Scott Brick's narration is a (controversial) matter of taste, like oysters or mushrooms or okra...you like it, or you really really don't. I've listened to books where his voice was well suited for the narration, but here it didn't convey the kind of warmth and charm needed to tell this story.
I prefer mystery/thriller genre including YA with some non-fiction. I dislike and attempt to avoid novels that include the paranormal.
The storied life of A. J. Firky is a wonderful story. My favorite character is Maya, his "wonderful nerd" as her dad called her. Scott Brick, my favorite narrator, is not the ideal narrator for this book.
Enjoyed the narrator, he was easy to follow with all of the dialogue among the characters.
The story had some wonderful twists and surprises. Admittedly I laughed out loud many times and cried at the end.
You should buy this book! I'm glad I did.
Life's good when I am listening to a great book.
I thoroughly enjoyed this book. I got lost in the story and found A.J. (the bookstore owner) to have clever, biting observations about life. I enjoyed experiencing A.J.'s changes over a decade of his lifetime. I was afraid that the book would be too trite and cliche'd but the story was engaging and the characters so lively that I never experienced a less than delightful moment of listening. Because A.J. owns a bookstore and his life is about books, there are many references comparing life experiences to various authors and book titles. He reminds the readers about finding companionship in a good book, about traveling to other times and places in a good book, and about the importance of asking a new friend, "what is your favorite book?" I had moments where I just broke out laughing while listening. I know some reviewers have remarked that this book should be regarded as "chick lit" (since A.J.'s relationship development does traverse the novel) but I see this novel also in the category of "literary fiction". The language is precise, the prose is well developed, and the story is different; refreshing. The narrator brings to life the personalities of all the characters and speaks clearly and consistently throughout. I highly recommend this novel.
Yes, it's a book about life that takes reality and makes it enjoyable while not patronizing the reader. I've already told everyone in my family to read this amazing story.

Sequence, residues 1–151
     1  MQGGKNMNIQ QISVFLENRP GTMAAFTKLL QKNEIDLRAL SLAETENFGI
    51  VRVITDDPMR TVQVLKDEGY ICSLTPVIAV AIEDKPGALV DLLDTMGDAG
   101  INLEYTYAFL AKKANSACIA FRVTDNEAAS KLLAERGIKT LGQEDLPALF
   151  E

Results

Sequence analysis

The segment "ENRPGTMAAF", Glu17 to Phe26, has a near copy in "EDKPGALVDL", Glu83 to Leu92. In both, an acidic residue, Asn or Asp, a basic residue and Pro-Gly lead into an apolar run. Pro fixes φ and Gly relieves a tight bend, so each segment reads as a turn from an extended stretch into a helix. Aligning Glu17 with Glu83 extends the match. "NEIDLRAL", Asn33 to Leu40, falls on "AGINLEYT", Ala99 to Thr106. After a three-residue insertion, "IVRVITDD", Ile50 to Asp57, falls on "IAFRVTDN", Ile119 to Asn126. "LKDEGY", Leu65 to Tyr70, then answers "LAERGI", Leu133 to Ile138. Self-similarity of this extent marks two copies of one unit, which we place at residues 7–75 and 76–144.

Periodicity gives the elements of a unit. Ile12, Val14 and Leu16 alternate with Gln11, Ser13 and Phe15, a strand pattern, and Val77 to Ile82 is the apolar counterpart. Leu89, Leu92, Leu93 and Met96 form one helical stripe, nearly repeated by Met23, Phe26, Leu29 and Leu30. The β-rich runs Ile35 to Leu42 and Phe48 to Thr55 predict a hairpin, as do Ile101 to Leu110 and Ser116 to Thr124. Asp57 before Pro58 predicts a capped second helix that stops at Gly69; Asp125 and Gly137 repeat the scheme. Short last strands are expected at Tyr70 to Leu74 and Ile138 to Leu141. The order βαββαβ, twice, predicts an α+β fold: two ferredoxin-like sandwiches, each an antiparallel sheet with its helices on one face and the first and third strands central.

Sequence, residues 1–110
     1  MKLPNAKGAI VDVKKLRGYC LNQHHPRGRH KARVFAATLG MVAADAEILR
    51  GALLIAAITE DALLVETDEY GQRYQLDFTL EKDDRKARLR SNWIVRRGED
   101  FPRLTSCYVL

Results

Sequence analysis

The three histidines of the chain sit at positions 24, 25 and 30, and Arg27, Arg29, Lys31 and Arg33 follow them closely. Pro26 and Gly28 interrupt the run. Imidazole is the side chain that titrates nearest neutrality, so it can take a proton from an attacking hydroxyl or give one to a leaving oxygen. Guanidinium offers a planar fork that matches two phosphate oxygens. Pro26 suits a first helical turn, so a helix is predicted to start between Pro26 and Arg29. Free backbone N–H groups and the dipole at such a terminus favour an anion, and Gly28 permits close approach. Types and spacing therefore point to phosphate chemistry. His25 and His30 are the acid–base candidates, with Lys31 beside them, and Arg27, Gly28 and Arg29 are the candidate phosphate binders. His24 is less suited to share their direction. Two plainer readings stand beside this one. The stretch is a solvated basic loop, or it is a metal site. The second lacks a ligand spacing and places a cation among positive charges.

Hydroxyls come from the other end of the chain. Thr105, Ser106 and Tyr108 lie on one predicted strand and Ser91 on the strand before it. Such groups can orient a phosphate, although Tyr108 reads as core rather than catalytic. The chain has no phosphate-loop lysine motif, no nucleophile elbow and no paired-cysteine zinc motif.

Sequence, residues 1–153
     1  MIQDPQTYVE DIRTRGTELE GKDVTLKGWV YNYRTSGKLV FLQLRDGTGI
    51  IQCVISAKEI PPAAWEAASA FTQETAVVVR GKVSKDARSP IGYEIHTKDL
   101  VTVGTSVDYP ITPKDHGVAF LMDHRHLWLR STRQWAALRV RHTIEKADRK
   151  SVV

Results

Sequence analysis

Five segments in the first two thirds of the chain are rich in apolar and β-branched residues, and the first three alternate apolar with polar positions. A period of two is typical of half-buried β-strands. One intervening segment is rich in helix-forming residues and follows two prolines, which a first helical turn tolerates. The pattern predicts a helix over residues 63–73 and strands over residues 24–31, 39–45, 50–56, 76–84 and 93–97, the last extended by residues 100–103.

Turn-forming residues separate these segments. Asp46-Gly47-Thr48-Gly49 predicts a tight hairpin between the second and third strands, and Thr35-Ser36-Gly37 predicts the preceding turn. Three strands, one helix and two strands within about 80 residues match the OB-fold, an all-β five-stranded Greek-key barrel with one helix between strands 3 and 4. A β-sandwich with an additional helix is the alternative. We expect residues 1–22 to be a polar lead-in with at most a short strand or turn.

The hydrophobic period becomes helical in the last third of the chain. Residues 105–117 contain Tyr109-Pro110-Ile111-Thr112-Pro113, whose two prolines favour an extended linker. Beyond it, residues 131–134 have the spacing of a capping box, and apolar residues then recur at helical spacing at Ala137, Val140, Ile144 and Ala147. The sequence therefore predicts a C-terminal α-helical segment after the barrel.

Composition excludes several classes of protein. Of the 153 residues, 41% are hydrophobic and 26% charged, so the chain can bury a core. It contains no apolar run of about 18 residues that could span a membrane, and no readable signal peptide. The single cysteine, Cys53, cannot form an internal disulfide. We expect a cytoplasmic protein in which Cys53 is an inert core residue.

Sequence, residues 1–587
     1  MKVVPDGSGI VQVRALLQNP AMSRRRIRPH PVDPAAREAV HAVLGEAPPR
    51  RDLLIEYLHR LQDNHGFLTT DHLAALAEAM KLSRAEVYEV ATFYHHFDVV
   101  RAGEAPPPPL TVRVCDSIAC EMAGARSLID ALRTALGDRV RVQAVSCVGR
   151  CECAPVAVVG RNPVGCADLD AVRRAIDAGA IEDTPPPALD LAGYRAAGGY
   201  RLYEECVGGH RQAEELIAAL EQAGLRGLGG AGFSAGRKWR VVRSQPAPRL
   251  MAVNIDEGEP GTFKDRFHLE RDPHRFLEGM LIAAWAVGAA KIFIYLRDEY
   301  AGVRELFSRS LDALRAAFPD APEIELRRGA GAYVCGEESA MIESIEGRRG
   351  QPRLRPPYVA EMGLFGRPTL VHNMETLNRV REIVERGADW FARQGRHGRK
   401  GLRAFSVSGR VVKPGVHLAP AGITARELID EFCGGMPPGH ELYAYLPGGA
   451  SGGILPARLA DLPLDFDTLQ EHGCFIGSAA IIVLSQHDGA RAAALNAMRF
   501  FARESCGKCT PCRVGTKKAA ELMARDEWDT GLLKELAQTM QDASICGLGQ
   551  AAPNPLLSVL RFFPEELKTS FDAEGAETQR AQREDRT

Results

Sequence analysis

I loved the narrators take on the various personalities that infuse this novel. It was a pleasure to listen to and I was sad when it ended. Listen to this book, you'll be glad you did.
Possibly from Brick, whose performance I enjoyed, and maybe even from Zevin, though this story didn't convince me that I'd need to do that anytime soon.
As other reviewers note, there are plenty of literary references in this story, but those alone wouldn't be reason enough to read this book. I can see how self-described book lovers would be into Fikry's life and happenings, much the same way self-proclaimed music lovers would be drawn to Nick Hornby's High Fidelity, though this story is much more sentimental. The last third of the text appealed to me the most, mainly in how the author drew up so many poignant (if not entirely new) life-literature parallels, and even if the dialogue bordered on saccharine at times. I enjoyed it as a meditation on literature's place in our lives, though I'm honestly surprised this is in the discussion for best fiction of the year.
This story is wonderfully different from any other book I have ever read. Good solid characters and excellently written. The dialogue is very good, the characters sound like real people with real lives. It has its corny moments but the book doesn't suffer because of them. There's plenty of reality here too. The setting is unusual and the story compelling. I like this book and maybe you will too. Check it out.
Yes. Some of my friends would love it. You might like it, too. I enjoyed the book because of the simplicity of the story, the changes the characters underwent during the plot's unfolding, and the main character, A.J., was so thoroughly a bookseller.
The characters' development and changes
It was low-keyed and very much in keeping with the main character.
The police chief, definitely. He undergoes so many changes and so much growth, and I do love a happy ending.
All the characters in this book were interesting, three dimensional people. I would probably like them all. IRL, I mean!
I hesitate to put any book at the top of my list because that spot changes often. An amazing book today may be eclipsed by time and other experiences in the future. But this small book certainly has earned a place near the top.
What book lover won't appreciate a book that is so much about enjoying good books? What parent won't appreciate a story that is so much about what parenting means? What lover won't appreciate a story about the deep and enduring nature of mature love? I promise you will enjoy listening to this one if you are any of the above.
A friend who is a man with whom I often share book notes placed this near the top of his list also. Universal appeal. Give it a go.